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Author: Carolyn O'Hara
Year: Future

Confession time: I do love a list! I am a compulsive planner. There’s nothing more satisfying than a plan coming together. But how often does that actually happen? The very essence of life is that we have no idea what the future holds, and any attempt to control it is futile. Looking back, the very moments one imagines to be significant for our future paths, often turn out to be cul-de-sacs. Rather, it is those more insignificant decisions which - in retrospect - are laden with potential.

It was an otherwise-unremarkable Wednesday, in September 2010, when I stepped through the door to a bright, new future.

Don’t be thinking of anything elaborate or fantastical, by the way. Nothing like the smoke and spotlights employed in that television programme Stars in Their Eyes, when contestants would declare: “Tonight, Matthew, I’m going to be…!” and then step through the doorway of their dreams. No, no, in reality, I staggered up the disabled access ramp of my local community centre, dragged open the heavy outer door, and turning right, peered through some frosted glass at the fuzzy figures of the club I was intending to join. The chances of me doing an about-turn, and heading back home, before I’d placed my sweaty palm on the brass doorknob, were pretty high.

It was one very, big step for me – I was nervous but entirely convinced it would be another mad idea destined to fail. If only life could provide dayglo signposts, along the way, to help with decision making: ‘Step over this threshold to experience opportunities you never thought possible!’ Or alternatively - ‘Have you lost your mind?’

The very thought of joining a writing group, when I’d never written anything other than lists, random diary entries and work-related pieces, not to mention voluntarily placing myself in a room full of strangers for two hours, was verging on lunacy.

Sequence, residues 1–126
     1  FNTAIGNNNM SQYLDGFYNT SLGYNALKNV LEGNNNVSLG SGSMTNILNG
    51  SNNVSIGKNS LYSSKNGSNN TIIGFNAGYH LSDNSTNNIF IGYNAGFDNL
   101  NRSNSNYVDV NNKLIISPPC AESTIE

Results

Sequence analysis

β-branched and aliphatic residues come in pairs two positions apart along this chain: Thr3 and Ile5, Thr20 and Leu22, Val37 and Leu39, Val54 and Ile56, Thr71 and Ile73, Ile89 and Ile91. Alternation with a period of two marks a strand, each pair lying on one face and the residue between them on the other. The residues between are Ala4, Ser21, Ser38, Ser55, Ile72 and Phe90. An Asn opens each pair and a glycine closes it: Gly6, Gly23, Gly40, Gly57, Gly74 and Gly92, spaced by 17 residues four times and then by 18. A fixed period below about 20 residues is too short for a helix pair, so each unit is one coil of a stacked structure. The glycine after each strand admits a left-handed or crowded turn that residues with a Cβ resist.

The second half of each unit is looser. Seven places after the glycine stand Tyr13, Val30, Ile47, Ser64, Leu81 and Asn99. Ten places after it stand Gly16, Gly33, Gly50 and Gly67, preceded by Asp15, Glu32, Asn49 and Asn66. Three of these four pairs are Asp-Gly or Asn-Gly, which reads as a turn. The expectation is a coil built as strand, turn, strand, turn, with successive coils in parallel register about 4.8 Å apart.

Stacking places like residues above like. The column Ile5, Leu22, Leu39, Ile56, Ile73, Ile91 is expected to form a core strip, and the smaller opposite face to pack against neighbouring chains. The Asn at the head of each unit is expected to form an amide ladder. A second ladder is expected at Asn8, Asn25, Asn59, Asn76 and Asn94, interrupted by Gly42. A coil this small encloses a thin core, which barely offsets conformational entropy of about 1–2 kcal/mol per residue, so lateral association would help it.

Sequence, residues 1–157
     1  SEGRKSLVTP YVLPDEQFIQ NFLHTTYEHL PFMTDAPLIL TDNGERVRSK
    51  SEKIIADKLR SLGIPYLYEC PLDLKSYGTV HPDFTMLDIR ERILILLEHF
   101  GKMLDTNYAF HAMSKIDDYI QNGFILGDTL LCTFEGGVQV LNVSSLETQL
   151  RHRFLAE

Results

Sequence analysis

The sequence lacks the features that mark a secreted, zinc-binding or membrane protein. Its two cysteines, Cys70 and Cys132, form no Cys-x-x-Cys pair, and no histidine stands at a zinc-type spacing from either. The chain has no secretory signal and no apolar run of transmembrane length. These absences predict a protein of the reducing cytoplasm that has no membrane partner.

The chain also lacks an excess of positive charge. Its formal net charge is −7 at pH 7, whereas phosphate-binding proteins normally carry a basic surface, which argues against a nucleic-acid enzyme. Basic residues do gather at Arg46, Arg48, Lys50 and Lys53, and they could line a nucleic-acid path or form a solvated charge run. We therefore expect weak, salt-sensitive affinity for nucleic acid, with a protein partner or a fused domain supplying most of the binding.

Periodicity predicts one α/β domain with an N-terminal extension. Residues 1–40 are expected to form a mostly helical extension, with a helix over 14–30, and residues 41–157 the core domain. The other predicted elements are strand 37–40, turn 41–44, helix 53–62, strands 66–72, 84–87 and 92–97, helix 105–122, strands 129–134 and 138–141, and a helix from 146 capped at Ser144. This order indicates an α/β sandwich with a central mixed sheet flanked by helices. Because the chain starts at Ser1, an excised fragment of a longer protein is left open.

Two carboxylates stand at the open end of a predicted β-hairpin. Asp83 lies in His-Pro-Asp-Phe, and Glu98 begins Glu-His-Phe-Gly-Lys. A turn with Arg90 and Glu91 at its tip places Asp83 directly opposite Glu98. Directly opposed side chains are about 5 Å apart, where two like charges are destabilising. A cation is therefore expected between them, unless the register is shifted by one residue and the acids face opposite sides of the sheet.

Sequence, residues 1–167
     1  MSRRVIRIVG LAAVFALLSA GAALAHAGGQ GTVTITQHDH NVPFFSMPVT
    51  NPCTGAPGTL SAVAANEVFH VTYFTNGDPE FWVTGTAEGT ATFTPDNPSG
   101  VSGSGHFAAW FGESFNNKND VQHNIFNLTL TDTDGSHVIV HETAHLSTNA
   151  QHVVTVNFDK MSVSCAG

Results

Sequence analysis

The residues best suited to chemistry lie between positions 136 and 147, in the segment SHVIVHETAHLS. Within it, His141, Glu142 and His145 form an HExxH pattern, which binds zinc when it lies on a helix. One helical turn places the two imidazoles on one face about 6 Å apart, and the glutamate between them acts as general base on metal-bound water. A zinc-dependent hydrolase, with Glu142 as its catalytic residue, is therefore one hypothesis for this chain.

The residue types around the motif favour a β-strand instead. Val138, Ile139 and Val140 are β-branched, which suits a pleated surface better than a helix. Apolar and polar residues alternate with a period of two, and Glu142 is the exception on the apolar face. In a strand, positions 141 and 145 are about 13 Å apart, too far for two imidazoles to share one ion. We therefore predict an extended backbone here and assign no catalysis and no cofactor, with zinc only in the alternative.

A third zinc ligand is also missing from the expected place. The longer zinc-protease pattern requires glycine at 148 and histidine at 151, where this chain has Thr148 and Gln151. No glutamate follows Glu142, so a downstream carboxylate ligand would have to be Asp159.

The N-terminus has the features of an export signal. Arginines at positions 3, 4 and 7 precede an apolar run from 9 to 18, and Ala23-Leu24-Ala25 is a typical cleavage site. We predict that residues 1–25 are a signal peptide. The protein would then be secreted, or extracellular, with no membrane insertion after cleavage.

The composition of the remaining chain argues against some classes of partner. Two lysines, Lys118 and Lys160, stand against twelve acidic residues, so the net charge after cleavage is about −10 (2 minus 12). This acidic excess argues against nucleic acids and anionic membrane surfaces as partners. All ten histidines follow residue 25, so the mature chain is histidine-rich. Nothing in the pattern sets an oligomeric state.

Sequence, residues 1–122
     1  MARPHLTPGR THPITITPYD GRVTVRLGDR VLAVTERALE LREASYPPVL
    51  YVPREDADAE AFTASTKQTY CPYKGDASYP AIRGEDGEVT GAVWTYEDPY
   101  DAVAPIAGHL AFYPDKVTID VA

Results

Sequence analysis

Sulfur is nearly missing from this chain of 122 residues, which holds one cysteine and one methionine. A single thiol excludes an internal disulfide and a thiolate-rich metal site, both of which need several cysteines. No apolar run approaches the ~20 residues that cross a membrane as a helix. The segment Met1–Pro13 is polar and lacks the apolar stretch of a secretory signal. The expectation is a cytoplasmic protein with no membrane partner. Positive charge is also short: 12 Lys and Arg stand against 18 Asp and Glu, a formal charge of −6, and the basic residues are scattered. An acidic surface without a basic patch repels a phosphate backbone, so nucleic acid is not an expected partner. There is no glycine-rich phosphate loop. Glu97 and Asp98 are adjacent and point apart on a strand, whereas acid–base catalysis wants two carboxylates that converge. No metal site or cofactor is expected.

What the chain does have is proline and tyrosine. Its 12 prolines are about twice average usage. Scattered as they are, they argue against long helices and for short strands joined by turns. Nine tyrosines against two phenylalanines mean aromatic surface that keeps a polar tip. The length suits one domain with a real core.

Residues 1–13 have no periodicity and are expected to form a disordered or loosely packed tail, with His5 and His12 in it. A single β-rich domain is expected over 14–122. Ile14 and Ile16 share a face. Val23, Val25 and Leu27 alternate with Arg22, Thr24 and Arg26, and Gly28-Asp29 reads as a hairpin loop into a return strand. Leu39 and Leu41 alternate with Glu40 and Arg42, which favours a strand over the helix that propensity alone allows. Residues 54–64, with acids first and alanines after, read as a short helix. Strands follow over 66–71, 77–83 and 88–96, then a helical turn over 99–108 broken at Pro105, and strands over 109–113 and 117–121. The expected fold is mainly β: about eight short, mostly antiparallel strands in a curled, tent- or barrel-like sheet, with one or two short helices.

So, what had led me to do something so ridiculous: the need to escape the claustrophobic walls of my home and increase my social circle from virtually zero. After more than fifteen years of a life-limiting illness, I was in desperate need of something challenging but also an activity not too demanding from a physical point of view.

I was greeted by a flurry of friendly faces, a formality of forms and, fortunately, a few other newbies exhibiting equally-fearful expressions.

Any of those Wednesdays, during the first few months, I might have walked away for good, so low was my confidence, so great were my nerves. Gradually, however, some of those fuzzy strangers transformed into warm, encouraging folk and the seeds of friendship were soon sown. It had been a good decision for that reason alone, to challenge myself on that September night. But there was no way I could have known how life-transforming, stepping over that threshold was going to be.

Had I been able to look into the sands of time, and see my future-self admire competition certificates upon my wall, glimpse the long list of pieces I’d have published, witness the workshops I would lead, and watch the poetic performances I would give, I most definitely would have said, “Have you lost your mind?’

Step forward into your future – you never know what delights lie ahead.